The welfare cuts announced by the Chancellor in his recent budget demonstrate that the UK government’s programme of austerity is designed to impact disproportionately on the poorest and most vulnerable in our society.
Restricting tax credits and Universal Credit to two children and cutting benefits for those on the work-related activity group of Employment Support Allowance (ESA) will reduce the income of those already struggling to make ends meet and increase poverty and inequality and making their situation worse.
Quarriers supports disadvantaged families in projects such as the Ruchazie Family Support Service in Glasgow east. Many of these families are on low incomes and are reliant on working and non-working benefits including Working Families Tax Credits and ESA. Withdrawal or reduction of these benefits will reduce incomes for families both in and out of work and cause increased hardship. The measures also risk diminishing employment incentives as well as reducing people’s confidence and ability to return to work after being on sickness related benefits.
Low income, however, is only one of many factors which impact negatively on the life chances of the most vulnerable and disadvantaged in our society. Quarriers commissioned Demos to carry out research in 2013 which explored disadvantage from a multi-dimensional perspective and identified seven indicators of disadvantage: low income; worklessness; no educational qualifications; overcrowding; ill-health; mental health problems; and poor neighbourhood.
The study found that 24,000 families with children in Scotland were affected by four or more of these seven disadvantages. While low income was found to be the most prevalent disadvantage, affecting one in five families in Scotland (20 per cent), this was closely followed by ill-health (18 per cent) and worklessness (15 per cent). It is families who face a combination of these indicators and experience multiple-disadvantage who will suffer most from last week’s cuts.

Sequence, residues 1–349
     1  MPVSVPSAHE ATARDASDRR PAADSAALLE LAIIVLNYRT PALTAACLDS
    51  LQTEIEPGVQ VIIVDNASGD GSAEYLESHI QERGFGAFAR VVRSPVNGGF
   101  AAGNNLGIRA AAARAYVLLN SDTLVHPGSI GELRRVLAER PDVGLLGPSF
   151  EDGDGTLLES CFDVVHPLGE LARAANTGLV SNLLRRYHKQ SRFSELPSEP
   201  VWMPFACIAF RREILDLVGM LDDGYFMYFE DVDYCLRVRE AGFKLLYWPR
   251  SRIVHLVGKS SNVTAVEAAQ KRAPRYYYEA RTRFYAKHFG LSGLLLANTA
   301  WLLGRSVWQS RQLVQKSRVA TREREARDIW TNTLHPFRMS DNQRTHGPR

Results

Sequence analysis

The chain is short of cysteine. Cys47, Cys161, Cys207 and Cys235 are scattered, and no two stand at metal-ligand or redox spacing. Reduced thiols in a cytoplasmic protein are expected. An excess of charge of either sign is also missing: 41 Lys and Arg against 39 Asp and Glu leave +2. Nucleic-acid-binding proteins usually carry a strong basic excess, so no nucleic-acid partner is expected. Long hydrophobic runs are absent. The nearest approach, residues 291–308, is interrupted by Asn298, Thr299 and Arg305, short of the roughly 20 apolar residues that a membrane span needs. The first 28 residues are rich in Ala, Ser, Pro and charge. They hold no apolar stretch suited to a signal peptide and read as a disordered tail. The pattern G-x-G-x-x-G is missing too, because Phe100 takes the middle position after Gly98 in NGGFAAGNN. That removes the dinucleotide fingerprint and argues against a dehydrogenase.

We know that tackling poverty and inequality is not a short-term fix. Children who experience poverty are more likely to experience poverty as adults and this cycle is often repeated over successive generations. It is crucial, therefore, that there is a co-ordinated approach to policy at both local and national level and that there is an in-depth understanding of the diverse nature of the problems faced by disadvantaged families.
The Scottish Government’s strategy Achieving Our Potential sets out priorities for action including: reducing income equalities; introducing longer term measures to tackle poverty and the drivers of low income; supporting those experiencing poverty, or at risk of falling into poverty; and making the tax credits and benefits system work better for Scotland. This strategy alongside Getting It Right for Every Child and the Early Intervention Framework has been central to the Scottish Government’s approach to tacking disadvantage in families and improving children’s outcomes.
These approaches which recognise the social and economic factors which cause poverty and the importance of improving children’s outcomes in early years are strongly supported by Quarriers.
However, we fear there is a risk progressive policies such as these will be undermined by the ideologically based cuts being made in Westminster. The proposed cuts will increase poverty and compound inequality, mitigating the work of Quarriers and other charities that support disadvantaged families across the country.
We think this strengthens the case for greater devolution of powers over the welfare system. This would enable the welfare provision in Scotland to be aligned our progressive attitude to social policy. In order for vulnerable families and children in Scotland to be enabled to achieve their full potential welfare policy must complement existing policies which seek to create a fairer, more equal and inclusive society.
• Helen Hunter is head of service, change, innovation & service development, at Quarriers, one of Scotland’s largest social care charities www.quarriers.org.uk